Blog-could be anyone. Organisers (well the PR company working for them) say entries are up 92 per cent. I’ll go for last year’s winner.
Garden writer of the year: Could be anyone. I’ll go Monty Don.
Mag of the year: Amateur Gardening for its stance on bloggers.
Lifetime achievement: My choice Richard Jackson, but he won’t be there, so someone else.
Trade hack: Usually low entries. Surely HW’s turn.
Book: The Yellow Book. Gardening in Pyjamas. The Octopus’s Garden pic book by Ringo Starr. Richard Jackson (top seller of the year-Container Gardening) and Ken Cox haven’t entered, or would be my winners. I hope Alys wins.
Tv: Monty’s Italian.
Highlight will be Dr Hessayon’s speech, announcing his retirement.
Best PR-the PR company Pr’ing the event, which PR’d how it’s chief PR is giving out one of the unsponsored awards.

4. Made raspberry jam the other day with youngest boy and last autumn raspberries. Burnt pan. Jam cost me £89.99 for new set of pans.


5. Look out for big stories on poppies, allotments in the next week.

6. Kingsbury on Prm. Raising awareness of the issue – amazing how many people not aware even a couple of months after I did it nationally on 16 September.

7. This is the new stuff on PRM.

8. Garden Centre Group plant buyer Nicky Roeber tells me he knows Leo Sayer’s ex wife, who used to work with in a Kensington winebar. Leo was in Syon Park garden centre the other day. Did it make him feel like dancing? No, I’m told.

9. Which boyband is involved in Garden Re-leaf?

10. Saw two red squirrels in the Lakes last month on consecutive days, which indicates a revival. My brother keeps one at his Lake District home, in a cage. He feeds ‘Rusty’ Topic bars and takes it for walks on a lead. Meanwhile, reds are surviving squirrel poxvirus in Formby.

11. Graham Spencer is on the 5-2 diet.
12. The Oregon Department of Agriculture has restricted the use of two insecticides to help protect pollinators, including honeybees. Beginning in 2014, Oregon will require a state-specific label on dinotefuran and imidacloprid products sold in the state that prohibits their application on linden, basswood or Tilia species.
13. PR of the week
Is this the thin end of the wedge?
New Brussels directive prevents Japan, South Africa and Brazil from competing in the Olympics of cheese

Organisers of this week’s World Cheese Awards at the NEC Birmingham have appealed to the Food Standards Agency to help overturn an EU ruling that prevents Japan, South Africa and several countries from South America, including Brazil, importing samples of cheese for judging.

A recent change to EU legislation over concerns about animal health rules and the safe handling of milk means that a number of countries have been denied permission by DEFRA, which is following the strict letter of the law of the EU directive, to enter the world’s largest international cheese competition. However, in an unprecedented display of support, each of these countries will be sending representatives to adjudicate at the awards, which attracts almost 3,000 cheeses annually from all over the world and 260 experts from more than 20 different countries.

14. Monty Don has replaced Titch on BBC’s Chelsea coverage but hasn’t said anything about it yet. But he did write about Chelsea in the Observer 2000 when he was presenting  for C4, “three TV programme simultaneously”. He wrote about the gardens: “I heard someone making glib, snap judgements to their clip-boarded companions. It was me. All power corrupts, but telly corrupts absolutely.”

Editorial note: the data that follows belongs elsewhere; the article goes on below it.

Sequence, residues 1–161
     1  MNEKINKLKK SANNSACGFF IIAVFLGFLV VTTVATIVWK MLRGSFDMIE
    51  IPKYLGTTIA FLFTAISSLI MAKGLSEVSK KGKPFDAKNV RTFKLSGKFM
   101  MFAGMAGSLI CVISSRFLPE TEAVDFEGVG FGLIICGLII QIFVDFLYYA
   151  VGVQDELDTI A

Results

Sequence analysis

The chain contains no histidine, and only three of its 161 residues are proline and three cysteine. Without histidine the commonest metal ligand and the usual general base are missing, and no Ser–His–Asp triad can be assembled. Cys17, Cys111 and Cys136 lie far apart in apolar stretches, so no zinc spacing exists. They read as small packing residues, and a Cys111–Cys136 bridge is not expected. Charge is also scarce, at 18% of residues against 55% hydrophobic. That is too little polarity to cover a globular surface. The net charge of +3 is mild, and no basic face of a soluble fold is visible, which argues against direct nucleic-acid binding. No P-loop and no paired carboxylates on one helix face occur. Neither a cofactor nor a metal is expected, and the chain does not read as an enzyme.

He also complains no-one knows what is going on, that his earpiece hurts, and that he can’t remember what to say, or read the autocue: “No one told me, but I was supposed to memorise chunks of the script and read the rest off the autocue. I need half a dozen goes to memorise someone’s name, let alone their words.”
He praises the nurserymen: “The stands under cover are manned by people who have modestly, and with unbelievable labour and dedication, grown all the incredibly beautiful plants that you see.”
“The flowers? The gardens? All the plants and inspiration? The new kit unveiled and all the experts to chat to? I was only at Chelsea for six long days, so couldn’t possibly have time for any of that.”

15. A piece in the Evening Standard mag on her three worst hangovers the other day. The writer said she got v drunk in 1995 aged 18 and pulled a footballer who turned out to be just a lad on remand. I knew her in 1989 when she was 16. In 1995 she was 22. Definitely.

16. I was looking through my old cuttings the other day after an office move (from Hammersmith to Teddington Studios). I worked out that my national paper stories were: 10 per cent Titchmarsh, 8 pc Don, 5 pc Diarmuid, 3 pc Hessayon, 7pc allotments, 12 pc Chelsea Flower Show, 4 pc other RHS, 1 pc Kew, 3 pc NZ, 1 pc cricket, 4pc peat and pesticides, 7 pc trees, 2 pc parks, 3 pc Jamie, 15 pc other.

Allotment Planner controversy, Dimmock Horlicks, Bake Off, Titchmarsh


1. My book Allotment Planner is splitting opinion. One Book People (where it’s £4.99 as a limited promo so get in quick) reviewer called it ‘rubbish’. Some RHS person bought Wisley curator Colin Crosbie one as a joke, I suspect. But HTA’s Raoul Curtis-Machin likes it – and paid full price from Wisley. As do some allotment bloggers but not others. The issue is, the book isn’t a guide to grow your own veg with step by step pics, like nearly all other books in the area. It’s about new things to do on your plot. Maybe gardening just doesn’t get news, because it so rarely produces any, apart from what I do. Rarely has a gardening book been so divisive, or indeed over-hyped.